But we’ve got data, too, cowboy. As you can see in our recent report on Google and Bing Shopping benchmarks, Bing offers both cheaper clicks and higher click-through rates. And although Google Shopping users tend to convert at a higher rate, the average Bing Shopping CPA is nearly half the average Google Shopping CPA.


Millions of users. Commercial intent. Cheap clicks and conversions. What else do you want?

5. Only 11% of small ecommerce businesses prioritize expanding to new advertising platforms

One final insight: Whereas 59% of respondents listed improving their campaign ROAS as their top priority—and another 15% listed building out their product catalogs—only 11% listed expanding to new advertising platforms.

Now, this isn’t entirely surprising. At the end of the day, driving more sales at lower costs is the ultimate goal of any ecommerce business. We certainly don’t want to discourage you all from identifying ROAS as a point of focus.

There’s no denying, however, that promoting your products on new platforms—both those that are new to you and those that are new to all digital marketers—comes with a lot of upside.

Read more The most brilliant marketing strategies you should know


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Everything about Instagram Hashtag

You might already be using hashtags in your Instagram captions and comments, or you might be skipping those for now. Whether you’re trying to boost your impact or get started, these tips will help you to hashtag like the professional! Here are eight tips to master your Instagram hashtag game.

instagram hashtag post with succulents

1. Do your hashtag research

First and foremost, it is important to realize that the art of hashtagging is much more than simply adding the hash sign in front of words you think of. To use hashtags in your Instagram content in a meaningful and effective way you need to do your research. So where to start? Here are a few ideas…

  • Use online tools: There are tons of tools out there—like RiteTag, ExportTweet, and Hashtagify—that will give you data on what hashtags are popular.
  • Start searching: Type hashtag ideas into the Instagram search bar and see what autofills.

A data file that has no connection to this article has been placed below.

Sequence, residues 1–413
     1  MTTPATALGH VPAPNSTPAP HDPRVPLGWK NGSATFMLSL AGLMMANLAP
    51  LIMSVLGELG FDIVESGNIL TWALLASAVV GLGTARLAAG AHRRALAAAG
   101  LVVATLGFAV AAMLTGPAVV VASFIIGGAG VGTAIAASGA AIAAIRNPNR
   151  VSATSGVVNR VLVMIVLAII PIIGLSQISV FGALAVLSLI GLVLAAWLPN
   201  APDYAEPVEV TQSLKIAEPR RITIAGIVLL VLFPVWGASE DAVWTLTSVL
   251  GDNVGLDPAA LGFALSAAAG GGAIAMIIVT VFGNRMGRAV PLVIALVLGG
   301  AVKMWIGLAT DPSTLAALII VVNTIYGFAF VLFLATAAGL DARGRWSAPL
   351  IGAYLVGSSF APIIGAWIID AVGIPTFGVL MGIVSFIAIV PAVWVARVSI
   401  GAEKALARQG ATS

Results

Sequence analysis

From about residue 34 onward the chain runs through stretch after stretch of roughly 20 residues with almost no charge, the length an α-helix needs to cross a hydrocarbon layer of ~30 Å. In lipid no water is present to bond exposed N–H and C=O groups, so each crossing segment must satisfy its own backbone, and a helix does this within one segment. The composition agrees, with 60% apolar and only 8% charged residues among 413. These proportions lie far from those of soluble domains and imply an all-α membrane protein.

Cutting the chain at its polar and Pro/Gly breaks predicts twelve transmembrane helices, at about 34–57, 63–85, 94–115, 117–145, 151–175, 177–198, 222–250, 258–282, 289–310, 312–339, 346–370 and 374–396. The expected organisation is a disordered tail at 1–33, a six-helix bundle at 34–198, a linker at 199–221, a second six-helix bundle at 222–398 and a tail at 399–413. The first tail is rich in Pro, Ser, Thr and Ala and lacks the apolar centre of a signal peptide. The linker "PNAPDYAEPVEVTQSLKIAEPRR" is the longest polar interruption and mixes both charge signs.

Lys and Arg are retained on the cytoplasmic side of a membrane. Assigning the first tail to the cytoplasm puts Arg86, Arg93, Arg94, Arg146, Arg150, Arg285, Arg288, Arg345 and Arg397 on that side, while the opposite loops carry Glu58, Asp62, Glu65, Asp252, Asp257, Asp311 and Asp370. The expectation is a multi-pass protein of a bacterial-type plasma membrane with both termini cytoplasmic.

• Check your competitors: See what your competition is doing, as well as brands and account that your target audience is likely following. Getting inspiration from other accounts can be super helpful to gain an understanding of what hashtags are trending (more on this in tip #3!).

The key to selecting good hashtags is to ensure they are on target with your target audience’s interests, and popular but not overly popular—you don’t want to get lost in the clutter. You know the kid in school who wasn’t considered “popular,” but was well-liked and known amongst many groups? You want that fall into a similar arena with your hashtag game.

“We’ve noticed that the more niche the topic, the more conversations users are having around it, so it pays off to really hone in on a topic or theme,” says Benjamin Chacon from Later.

2. Don’t over hashtag

While it might be tempting to hashtag your little heart away on each post, it isn’t good to go overboard on hashtags. When it comes to having more of an impact with your hashtag game, it can actually pay off more to be picky. In fact, research has found that the optimal number of hashtags per post is 11.

While Instagram allows you to use up to 30 hashtags per post, your time is better spent researching and using a handful of super effective hashtags rather than stockpiling a ton of tags per post.

Instagram post with burgers

Hashtags and burgers better in moderation.

“Tossing 30 hashtags on a post only does so much-especially for businesses,” says Alex York from Sprout Social. “It gets to #overkill pretty quickly. And if your brand isn’t focusing on the right questions or goals, all of this seems a bit worthless to invest your valuable marketing time.”